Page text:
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Dr. King examines Alfred North Whitehead's "fallacy of misplaced concreteness" as described in "Science and the Modern World."
This program outlines a two-day Public Meeting sponsored by the SCLC at Metropolitan Baptist Church, where Dr. King was scheduled to deliver the key address.
Miss McDonald confirms that Dr. King will speak in Dallas at a meeting organized by the Assembly of Christian Churches. She also requests details about the speaking engagement and encloses a biographical sketch and photograph.
Dr. King writes about the assassination of President John F. Kennedy and how it affected the citizens of the United States. King asserts that Kennedy handled international and national issues "with a depth of concern, a breadth of intelligence, and a keen sense of history." Dr. King says that while the question of who killed Kennedy is important, one should ask "what killed him" instead.
In this letter to Dr. King, Congressman Scheuer asks Dr. King to testify at a hearing of the Select Subcommittee on Labor of the House Committee on Education and Labor about House Resolution 12962. This bill focused on creating a Commission on Negro History and Culture.
This information bulletin published by the US Commission on Civil Rights provides updates of current activities. The bulletin includes information regarding voting rights hearings, education in the south, and news from private organizations like CORE, NAACP and the Council for Civil Unity.
Martin Segal, the Dinner Chairman of the National Urban League, writes to Dr. King asking him to attend the NUL's Equal Opportunity Dinner and accept membership on the dinner's honorary committee. Writing by Dorothy Cotton, Dr. King's assistant, appears at the top right, stating this was the same day that Dr. King would be attending President Johnson's White House Conference in Washington, D.C.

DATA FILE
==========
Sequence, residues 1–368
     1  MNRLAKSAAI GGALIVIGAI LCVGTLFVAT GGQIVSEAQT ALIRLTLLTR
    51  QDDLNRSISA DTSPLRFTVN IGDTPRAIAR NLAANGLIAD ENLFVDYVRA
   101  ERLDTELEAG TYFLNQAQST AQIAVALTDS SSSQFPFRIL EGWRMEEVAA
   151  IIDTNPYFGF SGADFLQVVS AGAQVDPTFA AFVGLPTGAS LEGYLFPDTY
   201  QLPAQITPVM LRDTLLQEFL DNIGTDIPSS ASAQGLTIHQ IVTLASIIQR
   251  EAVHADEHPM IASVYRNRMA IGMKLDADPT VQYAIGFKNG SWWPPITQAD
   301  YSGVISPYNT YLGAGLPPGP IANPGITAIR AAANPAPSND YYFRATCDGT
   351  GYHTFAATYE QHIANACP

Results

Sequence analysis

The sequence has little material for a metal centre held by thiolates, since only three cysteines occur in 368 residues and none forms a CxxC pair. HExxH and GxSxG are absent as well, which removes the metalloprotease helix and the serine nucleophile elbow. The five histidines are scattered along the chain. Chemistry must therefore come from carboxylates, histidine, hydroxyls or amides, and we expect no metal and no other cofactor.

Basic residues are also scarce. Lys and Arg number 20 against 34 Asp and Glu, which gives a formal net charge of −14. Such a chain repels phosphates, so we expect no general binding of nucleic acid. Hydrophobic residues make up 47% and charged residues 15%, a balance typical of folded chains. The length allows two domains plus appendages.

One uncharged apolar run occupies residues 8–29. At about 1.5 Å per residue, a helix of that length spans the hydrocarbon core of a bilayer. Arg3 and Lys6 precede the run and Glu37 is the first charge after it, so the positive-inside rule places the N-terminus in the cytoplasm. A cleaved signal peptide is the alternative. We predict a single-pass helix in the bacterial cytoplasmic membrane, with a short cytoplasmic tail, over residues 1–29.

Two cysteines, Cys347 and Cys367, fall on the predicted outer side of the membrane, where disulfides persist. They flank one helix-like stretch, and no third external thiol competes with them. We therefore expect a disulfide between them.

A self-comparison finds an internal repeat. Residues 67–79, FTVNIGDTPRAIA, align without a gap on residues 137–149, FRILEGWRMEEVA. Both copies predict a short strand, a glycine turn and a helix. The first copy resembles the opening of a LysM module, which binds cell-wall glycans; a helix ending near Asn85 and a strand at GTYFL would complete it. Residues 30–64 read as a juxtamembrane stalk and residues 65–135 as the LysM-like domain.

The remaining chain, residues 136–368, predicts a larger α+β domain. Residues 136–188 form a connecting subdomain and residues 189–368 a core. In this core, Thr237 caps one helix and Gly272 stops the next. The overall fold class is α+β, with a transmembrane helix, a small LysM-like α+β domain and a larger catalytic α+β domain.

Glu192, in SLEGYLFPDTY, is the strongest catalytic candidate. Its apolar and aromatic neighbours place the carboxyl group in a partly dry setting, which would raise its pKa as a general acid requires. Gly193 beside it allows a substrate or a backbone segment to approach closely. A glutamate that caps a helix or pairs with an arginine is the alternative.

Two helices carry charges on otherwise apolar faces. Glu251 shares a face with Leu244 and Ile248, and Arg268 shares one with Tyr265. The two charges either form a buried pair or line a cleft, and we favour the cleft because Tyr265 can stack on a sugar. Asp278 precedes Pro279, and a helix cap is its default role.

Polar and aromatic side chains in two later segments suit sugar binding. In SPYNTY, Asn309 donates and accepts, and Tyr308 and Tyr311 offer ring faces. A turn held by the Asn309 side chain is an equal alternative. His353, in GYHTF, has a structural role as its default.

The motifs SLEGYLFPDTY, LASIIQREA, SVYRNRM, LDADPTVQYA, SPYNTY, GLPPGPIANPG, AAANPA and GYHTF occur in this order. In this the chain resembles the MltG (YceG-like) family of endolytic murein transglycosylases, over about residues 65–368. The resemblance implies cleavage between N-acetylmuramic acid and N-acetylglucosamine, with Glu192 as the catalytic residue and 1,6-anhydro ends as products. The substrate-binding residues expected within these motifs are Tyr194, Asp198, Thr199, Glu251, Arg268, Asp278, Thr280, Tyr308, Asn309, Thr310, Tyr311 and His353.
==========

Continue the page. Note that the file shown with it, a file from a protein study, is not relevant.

Clark Foreman, Director of the Emergency Civil Liberties Committee, congratulates Dr. King on winning the Nobel Peace Prize. Mr. Foreman also asks Dr. King to send a message of congratulations to Dr. James A. Dombrowski, who will receive the Tom Paine Award at the 1964 Bill of Rights Dinner. Dombrowski, a Methodist minister, was co-founder of the Highlander Folk School in Tennessee.
The Jersey City Chapter of the Women's Division of the American Jewish Congress made a donation to the Louise Waterman Wise Youth Center in Jerusalem in Dr. King's name. They sent him this note, wishing him a very speedy recovery and good luck.
This press release announces a mass meeting held in Montgomery, Alabama by the Executive Board of SCLC. The meeting was held in response to a major libel suit against four prominent SCLC officials. Dr. King gives an address to boost morale during the course of this suit. In Dr. King's view, "The South has lost its solidity. Whites fight against whites over desegregation. Be it known, evil cannot permanently organize itself." The libel suit came to be known as the New York Times Company vs. Sullivan (1960).
H.B. Williams, the Shepherdess of the Daughters of Zion, sent this letter to Dr. King saying that they had taken notice to his actions in the fight for civil equality. Williams writes that they do not participate in demonstrations, because that has caused their organization "downfall in ancient times." She further explains that this has "turned into a Holy war, and it is no longer a fight for equality and rights to vote."
Joseph Looney writes Dr. King inviting him to visit American College in Louvain, Belgium. Looney suggests the Reverend lead a discussion regarding the developments in the Civil Rights struggle and his role in it. Looney closes by praying that God will bless Dr. King and his family.
Dr. King and fellow clergymen commend Vice President Nixon on his work bringing attention to the suffering Hungarian refugees in Austria. They urge him to take a similar trip to the South and meet with the thousands of victims of racial oppression.